Liability and Insurance in a Rental Car

by Staff Blogger | November 18th, 2019

There are endless reasons why you might need to rent a car. You might be traveling for business or on vacation and need a way to get around after you step off the plane. You may temporarily need more space or different features than your own car has, want to avoid adding additional mileage to your personal car on a road trip, or your own car may be in the shop.

Whatever the reason, road accidents are a risk every time you get behind the wheel of a car, even in a rental car.  However, getting compensation after an accident in a rental vehicle can be complicated.

What Makes Rental Car Accidents Different?

In any collision, the at-fault party has liability. However, the rental agreement you sign when you rent a car means you are responsible for any damage to the rental car, even if you were not at fault. This is why it’s so important to carefully inspect your rental vehicle for scratches and dents before leaving the lot.

After an accident caused by someone else, you will be required to pay your insurance deductible directly to the rental company, and then your insurance company will go after the at-fault party for the remainder.

Additionally, you may be responsible for paying “loss of use” fees for every day the rental vehicle is being repaired to compensate the rental company for the profit they’ve lost.

Finally, the rental company may not wait until the insurance matter is settled and charge you for the damages right away. If this happens, you will need to deal with the at-fault party’s insurance directly to get reimbursed.

What Steps to Take After an Accident in a Rental Car

Many of the initial steps you will need to take after an accident in a rental car are the same as those you would take immediately after a car accident in your own car.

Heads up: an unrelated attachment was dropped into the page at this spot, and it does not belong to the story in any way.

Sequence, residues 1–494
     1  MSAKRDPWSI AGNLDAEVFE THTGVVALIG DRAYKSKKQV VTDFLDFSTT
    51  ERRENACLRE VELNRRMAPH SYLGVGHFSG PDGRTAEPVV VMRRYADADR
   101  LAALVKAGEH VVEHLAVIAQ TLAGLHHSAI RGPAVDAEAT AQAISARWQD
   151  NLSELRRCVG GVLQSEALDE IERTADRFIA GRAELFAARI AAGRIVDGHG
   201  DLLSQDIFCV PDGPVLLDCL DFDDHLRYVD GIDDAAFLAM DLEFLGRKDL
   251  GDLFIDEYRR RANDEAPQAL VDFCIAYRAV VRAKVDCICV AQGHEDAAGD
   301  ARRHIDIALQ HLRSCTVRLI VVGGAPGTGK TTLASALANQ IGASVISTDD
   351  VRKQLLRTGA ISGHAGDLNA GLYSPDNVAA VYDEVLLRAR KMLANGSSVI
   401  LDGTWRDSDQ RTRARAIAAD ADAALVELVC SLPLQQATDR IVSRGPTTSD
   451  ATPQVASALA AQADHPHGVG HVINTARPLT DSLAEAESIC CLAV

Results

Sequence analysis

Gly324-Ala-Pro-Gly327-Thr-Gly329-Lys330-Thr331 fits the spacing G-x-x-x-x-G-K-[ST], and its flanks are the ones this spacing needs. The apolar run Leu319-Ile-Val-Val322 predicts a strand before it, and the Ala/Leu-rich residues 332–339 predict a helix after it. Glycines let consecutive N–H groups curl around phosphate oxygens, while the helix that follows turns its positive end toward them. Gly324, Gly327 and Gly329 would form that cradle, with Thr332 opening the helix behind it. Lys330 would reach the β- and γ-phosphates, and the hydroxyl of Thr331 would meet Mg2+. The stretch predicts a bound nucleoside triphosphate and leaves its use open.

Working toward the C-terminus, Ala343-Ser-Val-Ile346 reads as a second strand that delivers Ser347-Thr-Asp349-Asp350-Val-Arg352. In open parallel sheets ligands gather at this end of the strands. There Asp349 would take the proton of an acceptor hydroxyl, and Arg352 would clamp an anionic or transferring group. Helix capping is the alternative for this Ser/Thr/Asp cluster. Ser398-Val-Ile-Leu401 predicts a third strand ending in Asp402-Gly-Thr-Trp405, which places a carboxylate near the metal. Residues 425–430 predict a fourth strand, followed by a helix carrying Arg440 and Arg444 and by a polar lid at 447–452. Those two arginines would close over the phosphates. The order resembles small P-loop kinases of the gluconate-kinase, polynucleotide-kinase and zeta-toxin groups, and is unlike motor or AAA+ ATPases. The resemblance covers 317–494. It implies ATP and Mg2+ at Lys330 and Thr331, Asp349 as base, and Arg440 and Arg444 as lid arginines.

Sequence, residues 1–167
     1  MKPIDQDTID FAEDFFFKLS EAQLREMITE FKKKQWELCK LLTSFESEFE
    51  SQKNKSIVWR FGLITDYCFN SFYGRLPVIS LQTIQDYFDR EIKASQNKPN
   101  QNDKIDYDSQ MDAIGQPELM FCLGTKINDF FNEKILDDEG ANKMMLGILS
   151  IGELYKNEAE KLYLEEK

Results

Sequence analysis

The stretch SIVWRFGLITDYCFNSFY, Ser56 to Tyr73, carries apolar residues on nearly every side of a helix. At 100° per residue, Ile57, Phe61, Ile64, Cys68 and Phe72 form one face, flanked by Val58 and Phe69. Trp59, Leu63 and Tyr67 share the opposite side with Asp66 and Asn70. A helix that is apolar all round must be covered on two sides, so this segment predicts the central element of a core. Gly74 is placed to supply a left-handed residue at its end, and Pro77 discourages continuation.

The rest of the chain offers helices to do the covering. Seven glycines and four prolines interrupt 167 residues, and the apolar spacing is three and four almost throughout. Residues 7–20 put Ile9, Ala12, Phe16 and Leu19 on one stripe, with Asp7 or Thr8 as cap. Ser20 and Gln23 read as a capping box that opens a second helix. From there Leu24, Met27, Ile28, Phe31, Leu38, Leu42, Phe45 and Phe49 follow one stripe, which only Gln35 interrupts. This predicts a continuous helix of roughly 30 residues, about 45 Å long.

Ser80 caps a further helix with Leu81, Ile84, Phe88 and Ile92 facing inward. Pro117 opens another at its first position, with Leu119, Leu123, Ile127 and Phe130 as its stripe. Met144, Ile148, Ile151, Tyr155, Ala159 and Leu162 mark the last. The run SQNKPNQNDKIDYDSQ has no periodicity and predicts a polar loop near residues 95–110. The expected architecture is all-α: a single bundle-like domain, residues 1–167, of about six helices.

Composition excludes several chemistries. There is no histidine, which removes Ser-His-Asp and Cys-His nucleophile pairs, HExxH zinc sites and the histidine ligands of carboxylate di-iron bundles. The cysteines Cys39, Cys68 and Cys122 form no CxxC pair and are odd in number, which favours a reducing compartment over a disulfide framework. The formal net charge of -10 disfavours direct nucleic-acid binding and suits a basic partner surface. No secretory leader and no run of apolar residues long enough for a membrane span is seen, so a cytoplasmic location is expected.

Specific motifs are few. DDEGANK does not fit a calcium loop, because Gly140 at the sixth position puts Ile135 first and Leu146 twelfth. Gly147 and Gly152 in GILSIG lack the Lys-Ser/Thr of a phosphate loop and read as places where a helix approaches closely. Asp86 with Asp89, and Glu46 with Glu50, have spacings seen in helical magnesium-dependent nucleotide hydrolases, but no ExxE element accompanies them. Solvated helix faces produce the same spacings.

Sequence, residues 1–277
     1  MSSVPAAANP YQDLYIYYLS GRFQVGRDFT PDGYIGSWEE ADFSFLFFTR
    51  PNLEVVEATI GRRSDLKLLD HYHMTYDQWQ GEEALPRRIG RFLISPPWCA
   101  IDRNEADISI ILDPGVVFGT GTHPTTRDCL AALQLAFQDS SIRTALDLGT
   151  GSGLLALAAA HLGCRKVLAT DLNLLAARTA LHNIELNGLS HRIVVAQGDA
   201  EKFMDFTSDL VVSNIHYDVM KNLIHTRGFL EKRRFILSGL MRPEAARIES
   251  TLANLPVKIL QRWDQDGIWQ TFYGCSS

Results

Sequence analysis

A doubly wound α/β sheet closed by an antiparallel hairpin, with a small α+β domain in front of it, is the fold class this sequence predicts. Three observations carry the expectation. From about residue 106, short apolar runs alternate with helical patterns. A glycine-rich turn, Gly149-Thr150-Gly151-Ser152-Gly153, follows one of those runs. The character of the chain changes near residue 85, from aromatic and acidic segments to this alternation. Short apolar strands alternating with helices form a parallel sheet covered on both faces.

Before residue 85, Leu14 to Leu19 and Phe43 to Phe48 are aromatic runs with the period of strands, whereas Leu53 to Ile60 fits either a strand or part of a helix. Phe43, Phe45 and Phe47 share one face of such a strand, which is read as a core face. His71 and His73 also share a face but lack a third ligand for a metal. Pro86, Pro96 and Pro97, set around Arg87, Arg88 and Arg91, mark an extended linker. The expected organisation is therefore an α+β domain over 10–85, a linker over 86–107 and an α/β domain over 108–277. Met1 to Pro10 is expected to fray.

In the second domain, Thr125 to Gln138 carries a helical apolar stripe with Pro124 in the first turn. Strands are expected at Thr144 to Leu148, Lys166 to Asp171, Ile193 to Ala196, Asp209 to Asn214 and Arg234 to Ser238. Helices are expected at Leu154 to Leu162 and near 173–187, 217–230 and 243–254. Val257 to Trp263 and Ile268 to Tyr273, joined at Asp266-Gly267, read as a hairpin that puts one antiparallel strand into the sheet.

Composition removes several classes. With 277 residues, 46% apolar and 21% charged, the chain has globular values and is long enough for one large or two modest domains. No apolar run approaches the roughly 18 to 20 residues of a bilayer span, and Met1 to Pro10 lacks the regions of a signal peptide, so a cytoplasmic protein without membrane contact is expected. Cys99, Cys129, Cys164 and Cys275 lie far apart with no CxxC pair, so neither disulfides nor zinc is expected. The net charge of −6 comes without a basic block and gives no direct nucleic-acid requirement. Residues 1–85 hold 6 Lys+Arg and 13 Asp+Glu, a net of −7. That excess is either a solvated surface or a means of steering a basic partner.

Follow these steps after a car accident:

  1. Exchange contact information with the other driver.
  2. Take pictures of the scene of the accident.
  3. Make a police report.
  4. Notify your insurance provider.
  5. Seek medical attention.

However, unlike in most auto accidents, compensation could come from several sources, or none at all, and not all of your expenses may be covered. That’s why two additional steps must be added to the checklist.

  1. Notify your rental company.
  2. Contact a lawyer.

Determine What Type of Coverage You Have

There are three main sources of insurance coverage available for rental car accident claims.

  1. Your Personal Insurance: Nearly every state in the U.S. requires drivers to carry auto insurance in order to legally operate a vehicle, even if minimum coverage amounts vary. Most personal insurance policies will also cover accidents that take place in a rental car, but make sure to read the fine print. Some rentals may be excluded, such as exotics or trucks.
  2. Insurance Provided by Your Credit Card: Most major credit cards offer rental car insurance as a perk when you make the entire payment for the rental on the card. However, this is often collision insurance only, and won’t cover any medical expenses. Additionally, it may be secondary insurance, which means it only kicks in for what your personal insurance doesn’t pay, such as your deductible.
  3. Supplementary Insurance Provided by the Rental Company: When you rent a car, you will be offered additional insurance for purchase at the counter.

What Type of Coverage is Available from the Rental Company?

The most common type of supplementary insurance provided by the rental company is collision insurance, but there are four major types of insurance you can purchase at the time you make a rental.

  1. Collision Damage Waiver: This absolves the renter of responsibility for damage to or theft of the rental, except as the result of reckless driving or if the damage occurred while someone other than renter was driving.
  2. Liability Coverage: This covers property damage and medical expenses incurred by individuals other than the renter after a car accident in which the renter was at fault.
  3. Personal Accident Insurance: This covers medical expenses of the renter and any of the renter’s passengers.
  4. Personal Effects Coverage: This covers lost or damaged personal property kept in the rental vehicle.

What if I Was Hit By Someone Driving a Rental Car?

If you were hit by someone in a rental car, you will not be able to sue the rental company for any damage or medical expenses­­–federal law protects rental car companies from liability in situations like this.

Exchange information with the other driver and learn what insurance they may have. You may need to use your own insurance, through uninsured or underinsured coverage, to recover your medical expenses. A personal injury lawyer experienced with these types of cases will be best suited to help you learn what you need to do to get compensation.

Get Help Today

When there are multiple potential sources of compensation for an accident, filing a claim for your expenses after an accident that wasn’t your fault can be frustrating. Contact the car accident attorneys at Berg Injury Lawyers today for a free consultation on your case.